If you have set up a system to track and measure employees’ performance, but you’re still not meeting goals, it may be time to look at your management style. After all, your management is a big part of the input side of our equation.

Are you more of a carrot or a stick type of manager? Maybe you can try being more of the opposite type to see if that changes productivity. Are you managing your employees as a group? Perhaps taking a more one-on-one approach would be a better way to utilize each individual’s strengths and weaknesses.

Just remember that you and your management style contribute directly to your employees’ productivity.

5. Use a Ratings Scale

Having clear and concise objectives for individual employees is a crucial part of any attempt to increase workplace productivity. Once you have set the goals or objectives, it’s important that your employees are given regular feedback regarding their progress.

Using a ratings scale is a good way to provide a standardized visual representation of progress. Using a scale of 1-5 or 1-10 is a good way to give clear and concise feedback on an individual basis.

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It’s also a good way to track long-term progress and growth in areas that need improvement.

6. Hire “Mystery Shoppers”

This is especially helpful in retail operations where customer service is critical. A mystery shopper can give feedback based on what a typical customer is likely to experience.

You can hire your own shopper, or there are firms that will provide them for you. No matter which route you choose, it’s important that the mystery shoppers have a standardized checklist for their evaluation.

You can request evaluations for your employees friendliness, how long it took to greet the shopper, employees’ knowledge of the products or services, and just about anything else that’s important to a retail operation.

7. Offer Feedback Forms

Using a feedback form is a great way to get direct input from existing customers. There are just a couple of things to keep in mind when using feedback forms.

First, keep the form short, 2-3 questions max with a space for any additional comments. Asking people to fill out a long form with lots of questions will significantly reduce the amount of information you receive.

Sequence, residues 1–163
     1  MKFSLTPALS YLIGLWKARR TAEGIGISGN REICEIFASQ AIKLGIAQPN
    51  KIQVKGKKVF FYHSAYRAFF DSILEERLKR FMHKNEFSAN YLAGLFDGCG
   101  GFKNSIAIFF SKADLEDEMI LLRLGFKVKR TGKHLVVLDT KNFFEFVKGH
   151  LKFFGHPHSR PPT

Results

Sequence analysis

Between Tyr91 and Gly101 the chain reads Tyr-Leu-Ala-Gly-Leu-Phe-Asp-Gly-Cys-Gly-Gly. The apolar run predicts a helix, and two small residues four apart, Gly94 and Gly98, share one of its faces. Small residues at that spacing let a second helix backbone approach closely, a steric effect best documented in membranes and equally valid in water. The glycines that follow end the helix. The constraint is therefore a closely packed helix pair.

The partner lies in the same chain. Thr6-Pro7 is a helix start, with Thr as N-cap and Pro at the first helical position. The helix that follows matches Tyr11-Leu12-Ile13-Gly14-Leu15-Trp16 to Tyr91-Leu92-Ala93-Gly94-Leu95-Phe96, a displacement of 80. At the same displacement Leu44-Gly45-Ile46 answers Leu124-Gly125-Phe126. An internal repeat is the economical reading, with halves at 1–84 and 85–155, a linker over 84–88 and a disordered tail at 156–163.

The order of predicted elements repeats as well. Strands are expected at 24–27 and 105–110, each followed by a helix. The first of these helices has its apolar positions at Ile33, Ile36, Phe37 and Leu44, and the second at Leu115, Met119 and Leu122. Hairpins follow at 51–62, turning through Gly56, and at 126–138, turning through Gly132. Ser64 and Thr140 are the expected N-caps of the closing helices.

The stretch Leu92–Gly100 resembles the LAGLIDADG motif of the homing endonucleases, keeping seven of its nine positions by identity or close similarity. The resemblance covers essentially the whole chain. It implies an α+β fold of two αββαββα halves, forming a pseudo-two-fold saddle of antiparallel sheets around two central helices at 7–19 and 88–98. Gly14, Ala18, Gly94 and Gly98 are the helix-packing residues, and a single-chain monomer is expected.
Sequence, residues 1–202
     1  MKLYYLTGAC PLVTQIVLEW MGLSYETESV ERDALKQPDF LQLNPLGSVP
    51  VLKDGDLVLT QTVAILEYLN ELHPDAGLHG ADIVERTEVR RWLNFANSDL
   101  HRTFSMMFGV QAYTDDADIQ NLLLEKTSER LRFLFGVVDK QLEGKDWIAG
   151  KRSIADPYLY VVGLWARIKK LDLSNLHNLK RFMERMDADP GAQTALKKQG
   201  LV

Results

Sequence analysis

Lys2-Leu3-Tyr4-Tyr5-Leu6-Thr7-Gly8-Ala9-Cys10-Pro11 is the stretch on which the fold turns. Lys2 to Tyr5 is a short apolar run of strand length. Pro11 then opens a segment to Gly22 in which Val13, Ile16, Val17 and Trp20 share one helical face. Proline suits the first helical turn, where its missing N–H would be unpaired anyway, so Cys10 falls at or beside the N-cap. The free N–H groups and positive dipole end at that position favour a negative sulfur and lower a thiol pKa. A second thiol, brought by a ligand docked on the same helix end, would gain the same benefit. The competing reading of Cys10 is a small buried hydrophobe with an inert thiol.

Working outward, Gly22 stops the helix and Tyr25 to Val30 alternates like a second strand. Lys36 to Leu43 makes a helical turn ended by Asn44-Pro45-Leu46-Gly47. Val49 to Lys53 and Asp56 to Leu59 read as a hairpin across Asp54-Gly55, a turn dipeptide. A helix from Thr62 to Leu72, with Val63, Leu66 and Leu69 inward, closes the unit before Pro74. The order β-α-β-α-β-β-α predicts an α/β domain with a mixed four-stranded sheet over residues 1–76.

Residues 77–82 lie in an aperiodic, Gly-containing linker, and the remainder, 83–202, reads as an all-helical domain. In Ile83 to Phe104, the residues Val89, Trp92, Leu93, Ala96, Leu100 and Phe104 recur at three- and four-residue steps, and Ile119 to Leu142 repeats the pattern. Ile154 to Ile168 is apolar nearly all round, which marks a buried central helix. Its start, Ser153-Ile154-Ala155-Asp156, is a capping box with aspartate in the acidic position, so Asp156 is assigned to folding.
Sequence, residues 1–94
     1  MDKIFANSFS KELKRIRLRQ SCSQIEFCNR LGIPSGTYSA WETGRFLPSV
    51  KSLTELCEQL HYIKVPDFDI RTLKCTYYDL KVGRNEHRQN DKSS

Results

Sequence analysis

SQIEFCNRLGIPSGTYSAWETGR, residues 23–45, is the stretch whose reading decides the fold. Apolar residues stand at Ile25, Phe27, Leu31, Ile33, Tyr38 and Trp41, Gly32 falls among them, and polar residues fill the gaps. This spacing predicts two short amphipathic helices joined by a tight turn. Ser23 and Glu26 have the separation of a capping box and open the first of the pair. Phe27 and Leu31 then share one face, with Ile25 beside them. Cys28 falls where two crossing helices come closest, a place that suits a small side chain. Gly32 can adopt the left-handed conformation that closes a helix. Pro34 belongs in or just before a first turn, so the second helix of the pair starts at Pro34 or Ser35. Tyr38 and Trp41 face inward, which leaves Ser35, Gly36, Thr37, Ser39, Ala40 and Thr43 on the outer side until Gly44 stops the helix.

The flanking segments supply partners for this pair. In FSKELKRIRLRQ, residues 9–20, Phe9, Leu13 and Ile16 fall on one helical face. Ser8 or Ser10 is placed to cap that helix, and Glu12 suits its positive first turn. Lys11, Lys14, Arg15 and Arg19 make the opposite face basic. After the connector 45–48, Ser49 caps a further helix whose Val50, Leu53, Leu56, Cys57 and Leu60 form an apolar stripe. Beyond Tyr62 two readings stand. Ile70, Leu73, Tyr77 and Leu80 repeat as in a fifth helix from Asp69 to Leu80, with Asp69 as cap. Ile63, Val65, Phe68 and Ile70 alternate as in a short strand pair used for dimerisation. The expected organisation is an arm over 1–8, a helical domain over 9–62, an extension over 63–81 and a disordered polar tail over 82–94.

Secondly, be aware that customers are much more likely to submit feedback forms when they are unhappy or have a complaint than when they are satisfied.

You can offset this tendency by asking everyone to take the survey at the end of their interaction. This will increase compliance and give you a broader range of customer experiences, which will help as you’re learning how to measure productivity.

8. Track Cost Effectiveness

This is a great metric to have, especially if your employees have some discretion over their budgets. You can track how much each person spends and how they spend it against their productivity.

Again, this one is easy to plug into the equation: Productivity = amount of money brought in ÷ amount of money spent.

Having this information is very useful in forecasting expenses and estimating budgets.

9. Use Self-Evaluations

Asking your staff to do self evaluations can be a win-win for everyone. Studies have shown that when employees feel that they are involved and their input is taken seriously, morale improves. And as we all know, high employee morale translates into higher productivity.

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Using self-evaluations is also a good way to make sure that the employees and employers goals are in alignment.

10. Monitor Time Management

This is the number one killer of productivity in the workplace. Time spent browsing the internet, playing games, checking email, and making personal calls all contribute to lower productivity[1].

Time Management Tips to Improve Productivity

    The trick is to limit these activities without becoming overbearing and affecting morale. Studies have shown that most people will adhere to rules that they feel are fair and applied to everyone equally.

    While ideally, we may think that none of these activities should be done on company time, employees will almost certainly have a different opinion. From a productivity standpoint, it is best to have policies and rules that are seen as fair to both sides as you’re learning how to measure productivity.

    11. Analyze New Customer Acquisition